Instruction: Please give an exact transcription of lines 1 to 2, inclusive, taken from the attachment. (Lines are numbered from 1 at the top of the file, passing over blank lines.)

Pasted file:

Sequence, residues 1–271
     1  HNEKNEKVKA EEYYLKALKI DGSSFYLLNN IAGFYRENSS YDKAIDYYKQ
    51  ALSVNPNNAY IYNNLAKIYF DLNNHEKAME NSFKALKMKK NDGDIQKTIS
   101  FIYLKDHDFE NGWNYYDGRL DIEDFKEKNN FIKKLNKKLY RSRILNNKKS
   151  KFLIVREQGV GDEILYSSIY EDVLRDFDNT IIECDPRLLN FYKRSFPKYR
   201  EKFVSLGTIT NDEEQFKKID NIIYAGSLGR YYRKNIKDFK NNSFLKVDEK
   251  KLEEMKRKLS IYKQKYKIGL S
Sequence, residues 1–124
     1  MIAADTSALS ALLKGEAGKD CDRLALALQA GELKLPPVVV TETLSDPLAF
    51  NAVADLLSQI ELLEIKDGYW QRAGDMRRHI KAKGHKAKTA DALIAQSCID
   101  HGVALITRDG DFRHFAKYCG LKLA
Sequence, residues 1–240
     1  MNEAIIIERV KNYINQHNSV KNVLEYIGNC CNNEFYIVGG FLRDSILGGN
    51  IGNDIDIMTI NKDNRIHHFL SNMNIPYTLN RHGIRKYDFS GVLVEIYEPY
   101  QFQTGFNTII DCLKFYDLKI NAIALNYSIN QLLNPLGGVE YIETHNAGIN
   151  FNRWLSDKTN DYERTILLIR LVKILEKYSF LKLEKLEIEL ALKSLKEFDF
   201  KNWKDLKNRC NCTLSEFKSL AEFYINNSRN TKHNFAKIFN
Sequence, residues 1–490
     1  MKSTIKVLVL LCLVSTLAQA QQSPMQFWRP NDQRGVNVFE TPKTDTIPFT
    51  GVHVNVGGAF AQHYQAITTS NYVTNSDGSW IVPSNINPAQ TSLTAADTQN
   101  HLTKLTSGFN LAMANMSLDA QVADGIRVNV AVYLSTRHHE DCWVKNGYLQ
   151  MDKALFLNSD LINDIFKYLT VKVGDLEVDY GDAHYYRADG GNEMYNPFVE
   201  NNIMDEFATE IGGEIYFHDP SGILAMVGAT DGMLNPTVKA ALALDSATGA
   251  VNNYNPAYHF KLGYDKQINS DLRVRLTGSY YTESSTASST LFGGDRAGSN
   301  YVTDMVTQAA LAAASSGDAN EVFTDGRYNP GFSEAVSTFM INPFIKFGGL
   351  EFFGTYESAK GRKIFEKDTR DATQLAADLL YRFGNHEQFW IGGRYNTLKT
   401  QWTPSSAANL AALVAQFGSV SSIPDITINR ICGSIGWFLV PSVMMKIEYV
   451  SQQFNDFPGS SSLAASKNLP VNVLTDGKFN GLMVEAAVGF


Sequence, residues 1–271
     1  HNEKNEKVKA EEYYLKALKI DGSSFYLLNN IAGFYRENSS YDKAIDYYKQ